W3C home > Mailing lists > Public > public-webcrypto@w3.org > September 2012

Re: W3C Web Crypto WG - Is our deliverable doomed ?

From: Seetharama Rao Durbha <S.Durbha@cablelabs.com>
Date: Tue, 18 Sep 2012 09:44:00 -0600
To: Harry Halpin <hhalpin@w3.org>, GALINDO Virginie <Virginie.GALINDO@gemalto.com>
CC: "public-webcrypto@w3.org" <public-webcrypto@w3.org>, Wendy Seltzer <wseltzer@w3.org>
Message-ID: <CC7DEDED.5EFD%s.durbha@cablelabs.com>
There are two ways I look at this

 1.  Just an API – no mention of trust of any kind
 2.  Some guarantee of trust

If we (can) limit our effort to just the first, it is a straight-forward exercise of creating a crypto API akin to crypto API in any language.

Question is 'will we be forced to answer the trust question?'. I think all of us have repeatedly acknowledged that there is no trust in any web client (unless the client itself has identity and uses secure protocols in turn). Thus, an application using JS API to generate/store any kind of keys in a browser, must acknowledge that those credentials are not secure, in fact can be shared openly without the server knowing about it. Trust for any application does not come from the browser a user uses, but from the user themselves. The application trusts that a user is wise enough to use the correct browser, enter their credentials in the right web site, and so on.

Question then becomes 'What is a right browser?'. We use browsers to access all kinds of sensitive data on the internet. I trust that the browser is not stashing that data in a server. (Frankly, such a behavior is easy to verify and control.) So, we already have a lot of trust in the browser. Is that trust not sufficient to handle keys? I think it is sufficient. (In an earlier email, I mentioned that for signatures, browsers need to provide that trust through visual clues to what data is being signed.)

So, to conclude – I think that trust is between the user and the server application. Browser is a best effort. This WG delivers the API and facilities browsers will provide to applications. Anything else is not this WG's concern.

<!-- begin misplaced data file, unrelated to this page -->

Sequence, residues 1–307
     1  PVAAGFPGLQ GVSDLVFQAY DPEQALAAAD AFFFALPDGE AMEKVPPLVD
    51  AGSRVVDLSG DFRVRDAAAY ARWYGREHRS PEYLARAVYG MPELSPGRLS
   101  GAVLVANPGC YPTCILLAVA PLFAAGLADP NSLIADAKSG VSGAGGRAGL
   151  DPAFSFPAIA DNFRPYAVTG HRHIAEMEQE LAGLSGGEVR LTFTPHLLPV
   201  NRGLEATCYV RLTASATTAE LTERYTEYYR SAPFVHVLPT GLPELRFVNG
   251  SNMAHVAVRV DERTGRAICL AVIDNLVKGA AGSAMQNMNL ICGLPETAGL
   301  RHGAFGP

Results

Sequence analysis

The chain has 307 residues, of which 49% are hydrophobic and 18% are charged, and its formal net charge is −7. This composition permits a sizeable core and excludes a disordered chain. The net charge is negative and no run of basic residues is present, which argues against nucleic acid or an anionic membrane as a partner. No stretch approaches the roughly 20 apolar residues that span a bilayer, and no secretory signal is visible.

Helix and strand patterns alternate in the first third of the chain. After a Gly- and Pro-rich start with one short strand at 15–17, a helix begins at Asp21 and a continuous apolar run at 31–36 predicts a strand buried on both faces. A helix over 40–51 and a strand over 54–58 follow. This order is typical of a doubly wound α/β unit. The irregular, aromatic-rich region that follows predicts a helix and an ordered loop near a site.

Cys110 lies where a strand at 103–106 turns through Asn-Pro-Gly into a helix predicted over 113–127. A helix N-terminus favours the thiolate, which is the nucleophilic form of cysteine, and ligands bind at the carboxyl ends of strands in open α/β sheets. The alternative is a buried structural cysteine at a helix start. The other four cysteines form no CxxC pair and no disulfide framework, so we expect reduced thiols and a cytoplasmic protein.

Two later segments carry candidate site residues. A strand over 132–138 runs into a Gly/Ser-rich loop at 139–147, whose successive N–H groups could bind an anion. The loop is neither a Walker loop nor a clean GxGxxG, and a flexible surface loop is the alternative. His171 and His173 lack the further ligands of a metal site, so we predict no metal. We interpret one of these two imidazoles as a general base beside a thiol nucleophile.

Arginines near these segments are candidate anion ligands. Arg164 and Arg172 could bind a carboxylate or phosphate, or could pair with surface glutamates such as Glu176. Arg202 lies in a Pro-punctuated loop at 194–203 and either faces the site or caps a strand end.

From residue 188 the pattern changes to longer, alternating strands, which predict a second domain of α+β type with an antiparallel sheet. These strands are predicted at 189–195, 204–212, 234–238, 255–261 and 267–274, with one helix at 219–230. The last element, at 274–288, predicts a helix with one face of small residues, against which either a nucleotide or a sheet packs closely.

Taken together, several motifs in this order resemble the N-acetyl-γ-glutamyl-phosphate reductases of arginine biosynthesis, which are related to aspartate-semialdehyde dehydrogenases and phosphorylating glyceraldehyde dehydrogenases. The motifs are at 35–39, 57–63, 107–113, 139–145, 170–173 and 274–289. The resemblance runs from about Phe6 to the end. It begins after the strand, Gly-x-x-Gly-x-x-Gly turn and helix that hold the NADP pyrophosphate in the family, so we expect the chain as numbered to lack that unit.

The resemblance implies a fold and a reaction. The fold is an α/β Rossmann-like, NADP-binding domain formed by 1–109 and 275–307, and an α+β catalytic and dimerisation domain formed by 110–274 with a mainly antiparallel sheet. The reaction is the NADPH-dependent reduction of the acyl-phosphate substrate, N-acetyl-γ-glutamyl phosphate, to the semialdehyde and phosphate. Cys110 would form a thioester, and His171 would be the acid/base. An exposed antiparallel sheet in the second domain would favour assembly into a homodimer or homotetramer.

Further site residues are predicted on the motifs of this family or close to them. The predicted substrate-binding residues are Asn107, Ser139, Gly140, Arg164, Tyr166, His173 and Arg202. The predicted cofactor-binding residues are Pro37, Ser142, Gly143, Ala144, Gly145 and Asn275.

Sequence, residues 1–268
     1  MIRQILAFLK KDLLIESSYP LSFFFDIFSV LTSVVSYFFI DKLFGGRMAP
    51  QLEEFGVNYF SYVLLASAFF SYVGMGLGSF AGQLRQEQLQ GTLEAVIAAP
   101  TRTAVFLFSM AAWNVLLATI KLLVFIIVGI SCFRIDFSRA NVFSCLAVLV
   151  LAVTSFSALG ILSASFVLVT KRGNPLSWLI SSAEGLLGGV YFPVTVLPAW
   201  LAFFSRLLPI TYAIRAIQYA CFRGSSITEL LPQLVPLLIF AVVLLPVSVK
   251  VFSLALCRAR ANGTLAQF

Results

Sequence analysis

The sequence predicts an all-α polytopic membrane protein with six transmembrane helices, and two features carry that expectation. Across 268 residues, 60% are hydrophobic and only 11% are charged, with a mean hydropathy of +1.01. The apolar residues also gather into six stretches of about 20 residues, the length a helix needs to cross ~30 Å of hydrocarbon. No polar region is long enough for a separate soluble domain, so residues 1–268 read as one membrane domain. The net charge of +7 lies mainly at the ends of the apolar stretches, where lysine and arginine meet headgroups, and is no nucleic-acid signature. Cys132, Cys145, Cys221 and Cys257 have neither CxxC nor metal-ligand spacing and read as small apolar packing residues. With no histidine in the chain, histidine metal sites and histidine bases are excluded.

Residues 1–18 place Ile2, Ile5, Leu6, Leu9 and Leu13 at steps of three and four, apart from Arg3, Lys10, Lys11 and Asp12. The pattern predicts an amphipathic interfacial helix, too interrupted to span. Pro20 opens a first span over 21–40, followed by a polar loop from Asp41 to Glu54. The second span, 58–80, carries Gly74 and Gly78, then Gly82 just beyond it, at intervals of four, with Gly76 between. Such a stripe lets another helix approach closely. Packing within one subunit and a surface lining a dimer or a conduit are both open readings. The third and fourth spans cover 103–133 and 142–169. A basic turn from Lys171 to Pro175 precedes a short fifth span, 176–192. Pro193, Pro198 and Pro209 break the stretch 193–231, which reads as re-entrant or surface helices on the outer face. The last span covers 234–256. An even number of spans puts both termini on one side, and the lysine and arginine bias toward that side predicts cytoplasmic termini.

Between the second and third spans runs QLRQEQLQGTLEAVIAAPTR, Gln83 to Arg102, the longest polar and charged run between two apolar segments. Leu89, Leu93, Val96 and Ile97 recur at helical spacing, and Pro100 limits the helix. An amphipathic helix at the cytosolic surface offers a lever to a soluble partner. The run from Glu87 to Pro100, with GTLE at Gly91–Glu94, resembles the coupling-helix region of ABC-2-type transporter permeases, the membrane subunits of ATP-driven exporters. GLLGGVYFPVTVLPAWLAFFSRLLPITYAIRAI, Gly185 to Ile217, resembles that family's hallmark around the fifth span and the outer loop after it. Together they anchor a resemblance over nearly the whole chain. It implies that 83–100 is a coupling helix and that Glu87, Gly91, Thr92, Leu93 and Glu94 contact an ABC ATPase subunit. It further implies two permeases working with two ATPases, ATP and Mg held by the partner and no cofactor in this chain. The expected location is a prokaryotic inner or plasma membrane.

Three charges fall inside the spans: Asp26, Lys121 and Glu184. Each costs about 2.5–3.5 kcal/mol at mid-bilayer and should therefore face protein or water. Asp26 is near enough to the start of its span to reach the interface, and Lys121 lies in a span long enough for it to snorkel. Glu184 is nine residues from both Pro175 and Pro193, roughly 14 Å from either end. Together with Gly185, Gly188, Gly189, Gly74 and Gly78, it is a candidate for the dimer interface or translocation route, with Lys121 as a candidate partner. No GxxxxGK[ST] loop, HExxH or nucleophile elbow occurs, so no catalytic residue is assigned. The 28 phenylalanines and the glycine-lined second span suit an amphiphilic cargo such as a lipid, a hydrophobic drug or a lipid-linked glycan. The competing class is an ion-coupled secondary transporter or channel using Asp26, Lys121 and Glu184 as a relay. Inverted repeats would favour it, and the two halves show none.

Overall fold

(Again, in an earlier email, I mentioned that trust is also between the user and the browser – and that argument still remains.)


On 9/18/12 6:10 AM, "Harry Halpin" <hhalpin@w3.org<mailto:hhalpin@w3.org>> wrote:

On 09/18/2012 11:20 AM, GALINDO Virginie wrote:
Dear all,

Highlighting a link that Harry shared with us during the conf call yesterday. I think we should read that and try to see where we have been ‘better than expected’ for providing security for webapp. This would definitely help to better describe our value proposition, I think – and clearly know our limits ;-)

I think requiring CSP plus having the API work natively on the client addresses rather than be downloaded his issues re hijacking and malleability of the Javascript runtime, although the latter point requires serious deliberation on our part. In particular, we will clearly address "the lack of systems programming primitives needed to implement crypto" and issues he brings up like "random number generation." Also, he assumes TLS is working just fine and should just be used rather than any JS crypto, which it may be if you are using pinning+cert transparency, but that is not always the case - and many of the things that we need this API for, like signatures, cannot be easily done within WebApps as TLS does not let these functions be accessed in an API.

It seems to me the rest of the arguments here can be repurposed against using cryptography any programming language, not just a Javascript run-time environment. Which basically would mean cryptography is in general doomed because its hard, yet given its usage and utility, this is self-evidently not the case. I'd like to hear the opinion of others


Received on Tuesday, 18 September 2012 15:44:42 UTC

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